Twenty-nine years ago yesterday, December 12, 1983, Hezbollah and operatives of the Iranian-backed Iraqi Shiite group Da’wa carried out a series of seven coordinated bombings in Kuwait, killing six people and wounding nearly ninety more. The targets included the American and French embassies, the Kuwait airport, the grounds of the Raytheon Corporation, a Kuwait National Petroleum Company oil rig, and a government-owned power station. An attack outside a post office was thwarted.
The bombings shocked Kuwaiti officials, but the damage could have been much worse had the bombs been properly wired. As it happened, faulty engineering prevented three quarters of the explosives planted at the American embassy compound from detonating, saving many lives. Shoddy planning also reduced the destructiveness of the attacks: a truck carrying two hundred gas cylinders primed to explode at the National Petroleum Company site went off 150 yards from a refinery and just a few yards shy of a pile of flammable chemicals. More adept operational planning might also have resulted in the destruction of Kuwait’s primary water-desalination plant, located within the premises, leaving the desert nation nearly devoid of fresh water.
In these attacks, senior Hezbollah operatives, joined by their Iraqi compatriots, acted in the explicit service of Iran, rather than in the group’s immediate interests. Three years after the attacks, the CIA assessed in a since declassified report that while Iran’s support for terrorism was meant to further its national interest, including dissuading Kuwait from supporting Iraq militarily in the Iran-Iraq War, this support also stemmed from the clerical regime’s perception “that it has a religious duty to export its Islamic revolution and to wage, by whatever means, a constant struggle against the perceived oppressor states.” The Kuwait bombings were the first in a long chain of such attacks.
Ultimately, seventeen convicted terrorists were jailed in Kuwait—the Kuwait 17 as they came to be called—including several Hezbollah members. Over the following years, Hezbollah would carry out many more attacks, at home and abroad, seeking the release of members jailed for the bombings. Hezbollah deputy chief Naim Qassem would later acknowledge that the Kuwait 17 episode “was the starting point for the idea of hostages, to impose pressure for the release of prisoners in Israel and elsewhere.”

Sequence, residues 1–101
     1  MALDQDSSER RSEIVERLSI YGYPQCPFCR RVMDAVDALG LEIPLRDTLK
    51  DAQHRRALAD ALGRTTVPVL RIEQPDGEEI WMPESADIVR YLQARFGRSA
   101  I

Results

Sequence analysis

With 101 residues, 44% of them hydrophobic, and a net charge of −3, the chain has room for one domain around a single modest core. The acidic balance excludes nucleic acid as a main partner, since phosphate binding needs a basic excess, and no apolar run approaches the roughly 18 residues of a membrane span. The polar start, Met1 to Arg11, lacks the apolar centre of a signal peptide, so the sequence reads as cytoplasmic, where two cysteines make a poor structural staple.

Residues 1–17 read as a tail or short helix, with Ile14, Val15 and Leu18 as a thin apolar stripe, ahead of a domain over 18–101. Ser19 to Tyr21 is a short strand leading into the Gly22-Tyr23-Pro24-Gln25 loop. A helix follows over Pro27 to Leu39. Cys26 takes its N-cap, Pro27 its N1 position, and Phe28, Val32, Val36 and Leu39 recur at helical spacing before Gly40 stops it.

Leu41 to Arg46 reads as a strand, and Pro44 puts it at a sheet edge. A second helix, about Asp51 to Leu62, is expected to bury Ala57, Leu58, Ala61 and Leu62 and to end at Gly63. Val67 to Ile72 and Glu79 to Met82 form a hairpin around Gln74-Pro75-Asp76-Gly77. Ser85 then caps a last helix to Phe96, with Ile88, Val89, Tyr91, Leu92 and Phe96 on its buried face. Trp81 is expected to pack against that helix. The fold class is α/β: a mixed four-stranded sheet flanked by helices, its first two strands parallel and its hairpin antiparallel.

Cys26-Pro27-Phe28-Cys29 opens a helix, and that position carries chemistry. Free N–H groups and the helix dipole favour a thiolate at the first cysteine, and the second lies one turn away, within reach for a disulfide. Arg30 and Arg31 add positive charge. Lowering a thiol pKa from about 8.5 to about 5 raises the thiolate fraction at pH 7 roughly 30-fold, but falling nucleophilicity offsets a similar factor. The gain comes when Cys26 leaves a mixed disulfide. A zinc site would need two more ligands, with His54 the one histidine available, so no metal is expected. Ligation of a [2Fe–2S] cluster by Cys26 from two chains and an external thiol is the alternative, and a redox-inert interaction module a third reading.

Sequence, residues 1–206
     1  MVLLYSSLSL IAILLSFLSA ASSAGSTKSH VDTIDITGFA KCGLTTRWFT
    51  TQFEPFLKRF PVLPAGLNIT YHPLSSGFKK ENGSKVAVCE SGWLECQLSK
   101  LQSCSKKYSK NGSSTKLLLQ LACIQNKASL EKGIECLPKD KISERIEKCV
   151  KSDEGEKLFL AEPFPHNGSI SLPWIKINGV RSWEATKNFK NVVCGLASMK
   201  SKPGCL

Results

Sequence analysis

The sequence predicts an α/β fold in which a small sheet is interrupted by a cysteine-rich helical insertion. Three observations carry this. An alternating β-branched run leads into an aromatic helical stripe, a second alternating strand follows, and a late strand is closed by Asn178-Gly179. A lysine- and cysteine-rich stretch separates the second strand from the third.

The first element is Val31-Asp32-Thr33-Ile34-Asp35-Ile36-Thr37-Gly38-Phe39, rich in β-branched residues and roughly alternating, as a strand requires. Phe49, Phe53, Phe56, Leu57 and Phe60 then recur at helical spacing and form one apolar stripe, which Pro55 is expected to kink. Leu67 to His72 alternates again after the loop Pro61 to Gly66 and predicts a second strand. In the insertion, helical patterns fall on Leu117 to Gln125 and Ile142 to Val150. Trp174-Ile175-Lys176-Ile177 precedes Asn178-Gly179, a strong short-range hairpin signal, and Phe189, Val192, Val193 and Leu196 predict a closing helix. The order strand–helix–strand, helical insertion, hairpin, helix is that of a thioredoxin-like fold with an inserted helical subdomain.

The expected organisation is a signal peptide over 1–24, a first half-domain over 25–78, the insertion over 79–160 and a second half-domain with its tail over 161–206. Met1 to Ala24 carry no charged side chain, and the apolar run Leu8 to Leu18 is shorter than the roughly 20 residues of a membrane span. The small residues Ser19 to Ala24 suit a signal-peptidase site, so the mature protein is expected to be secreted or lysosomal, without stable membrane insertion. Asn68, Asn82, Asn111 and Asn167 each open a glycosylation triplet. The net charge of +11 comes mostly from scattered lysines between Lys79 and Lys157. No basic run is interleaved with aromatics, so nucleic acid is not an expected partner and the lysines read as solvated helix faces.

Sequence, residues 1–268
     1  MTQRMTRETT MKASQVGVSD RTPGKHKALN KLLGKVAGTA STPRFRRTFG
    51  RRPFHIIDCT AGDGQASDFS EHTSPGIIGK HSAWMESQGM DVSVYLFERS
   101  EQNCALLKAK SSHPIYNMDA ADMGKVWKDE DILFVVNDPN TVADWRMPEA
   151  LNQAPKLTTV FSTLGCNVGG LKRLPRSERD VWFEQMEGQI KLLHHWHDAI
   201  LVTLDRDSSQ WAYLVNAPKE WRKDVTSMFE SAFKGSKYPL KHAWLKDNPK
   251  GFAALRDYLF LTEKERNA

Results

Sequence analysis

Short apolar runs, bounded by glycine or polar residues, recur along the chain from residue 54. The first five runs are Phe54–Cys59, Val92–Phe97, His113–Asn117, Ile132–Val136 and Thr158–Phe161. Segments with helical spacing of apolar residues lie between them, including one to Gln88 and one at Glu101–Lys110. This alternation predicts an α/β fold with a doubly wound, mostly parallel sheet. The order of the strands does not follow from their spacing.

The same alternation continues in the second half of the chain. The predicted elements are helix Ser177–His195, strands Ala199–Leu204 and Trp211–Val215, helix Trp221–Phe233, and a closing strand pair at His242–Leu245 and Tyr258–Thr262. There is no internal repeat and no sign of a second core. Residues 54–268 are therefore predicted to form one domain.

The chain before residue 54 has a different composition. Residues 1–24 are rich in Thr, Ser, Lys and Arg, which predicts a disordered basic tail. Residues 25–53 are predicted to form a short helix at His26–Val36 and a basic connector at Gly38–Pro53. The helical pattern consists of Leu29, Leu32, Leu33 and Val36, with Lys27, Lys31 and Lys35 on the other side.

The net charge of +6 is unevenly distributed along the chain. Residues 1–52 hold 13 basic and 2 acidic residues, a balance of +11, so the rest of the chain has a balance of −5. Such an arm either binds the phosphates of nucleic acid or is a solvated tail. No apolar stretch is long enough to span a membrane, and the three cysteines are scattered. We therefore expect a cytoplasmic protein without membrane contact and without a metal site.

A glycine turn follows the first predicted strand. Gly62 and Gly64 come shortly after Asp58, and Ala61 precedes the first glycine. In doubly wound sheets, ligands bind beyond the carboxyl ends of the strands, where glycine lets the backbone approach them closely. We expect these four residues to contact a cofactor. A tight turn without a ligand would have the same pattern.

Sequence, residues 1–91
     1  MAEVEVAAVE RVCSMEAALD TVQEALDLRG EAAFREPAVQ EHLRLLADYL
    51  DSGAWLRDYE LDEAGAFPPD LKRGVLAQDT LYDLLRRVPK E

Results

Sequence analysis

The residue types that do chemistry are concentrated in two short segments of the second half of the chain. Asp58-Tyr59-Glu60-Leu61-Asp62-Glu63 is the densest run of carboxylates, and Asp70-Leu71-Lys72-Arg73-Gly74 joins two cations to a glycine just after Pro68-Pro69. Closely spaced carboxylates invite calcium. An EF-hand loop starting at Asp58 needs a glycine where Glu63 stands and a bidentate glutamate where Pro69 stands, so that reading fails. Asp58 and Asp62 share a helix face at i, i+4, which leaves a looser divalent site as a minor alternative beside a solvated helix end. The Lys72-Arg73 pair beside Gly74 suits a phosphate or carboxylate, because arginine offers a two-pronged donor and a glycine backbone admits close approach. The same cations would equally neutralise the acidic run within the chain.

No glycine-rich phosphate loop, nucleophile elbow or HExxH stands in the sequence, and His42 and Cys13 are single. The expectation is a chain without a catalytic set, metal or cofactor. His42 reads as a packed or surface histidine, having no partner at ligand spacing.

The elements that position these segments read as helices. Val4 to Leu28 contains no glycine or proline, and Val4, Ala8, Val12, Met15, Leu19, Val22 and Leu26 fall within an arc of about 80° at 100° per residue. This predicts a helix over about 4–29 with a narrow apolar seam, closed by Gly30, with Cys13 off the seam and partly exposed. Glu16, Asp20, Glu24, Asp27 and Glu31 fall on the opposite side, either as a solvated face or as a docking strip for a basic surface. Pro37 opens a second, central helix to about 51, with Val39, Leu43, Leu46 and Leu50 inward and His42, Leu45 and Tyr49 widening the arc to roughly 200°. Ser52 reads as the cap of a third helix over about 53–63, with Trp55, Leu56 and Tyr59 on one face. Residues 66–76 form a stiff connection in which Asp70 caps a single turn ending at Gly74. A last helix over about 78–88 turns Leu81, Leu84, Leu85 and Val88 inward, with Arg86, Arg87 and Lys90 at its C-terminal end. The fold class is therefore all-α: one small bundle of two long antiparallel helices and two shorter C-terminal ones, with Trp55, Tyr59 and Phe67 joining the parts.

One of those convicted—and sentenced to death—was Mustapha Badreddine, Imad Mughniyeh’s brother-in-law and cousin, who was in Kuwait under the Christian-sounding cover name Fuad Saab. When a Kuwaiti court sentenced Badreddine to death in March 1984, Hezbollah threatened to kill some of its hostages if the sentence were carried out (it was not). The abduction of the CIA’s station chief in Beirut, William Buckley, that same month, as well as several other kidnappings in the second half of 1984, are believed to have been a direct response to the arrest and sentencing of the Kuwait 17 bombers. Discussing prospects for the release of U.S. hostages, a CIA memo noted that “Mughniyeh has always linked the fate of his American hostages to release of 17 Shia terrorists in Kuwait, and we have no indication he has altered this demand.”
Badreddine was still alive in 1991, when Iraq invaded Kuwait and emptied the country's prisons. After he escaped to the Iranian embassy in Kuwait, the Islamic Revolutionary Guard Corps reportedly facilitated his travel to Iran and eventual return to Lebanon.
Today, echoes of the Kuwait 17 saga reverberate in current events. Mughniyeh was assassinated in February 2008, and succeeded by Badreddine as head of Hezbollah’s military and terrorist wings. In June 2011 the UN’s Special Tribunal for Lebanon -- the body charged with investigating the assassination of former prime minister Rafiq Hariri – indicted Badreddine and three other Hezbollah operatives for their roles in the Hariri assassination. In a sign of Badreddine’s ongoing leadership role in Hezbollah militancy and terrorism, the Treasury Department added him and Talal Hamiyah, “two senior terrorist leaders of Hezbollah,” to the department’s terrorist designation list “for providing support to Hezbollah’s terrorist activities in the Middle East and around the world.”
Just as it was 29 years ago, Hezbollah today is engaged in a campaign of international terrorism. Hezbollah operations over the past 18 months include plots in Azerbaijan, Bulgaria, Cyprus, Egypt, Jordan, South Africa, Turkey, and Thailand. Some of these were carried out to avenge Mughnieyh’s assassination, but others were conceived as Hezbollah’s part in Iran’s shadow war with the West.
Then, as now, Hezbollah served as a long arm of Iran’s security and intelligence services. The only difference today is that when it comes to global operations Hezbollah is even more closely allied with Iran than it was then. At the time of the Kuwait bombings, the relationship between Iran and Hezbollah was that of a sponsor and its proxy. Today, as Hezbollah operatives troll the globe looking for buses of Israeli tourists to blow up, the relationship is more of a strategic partnership.
The echoes of the Kuwait bombings ring loud, three decades later—and the threat from Iran and Hezbollah today is far greater today than it was even then.
Matthew Levitt directs the Stein program on counterterrorism and intelligence at the Washington Institute for Near East Policy and is the author of the forthcoming book Hezbollah: The Global Footprint of Lebanon’s Party of God (Georgetown University Press, 2013).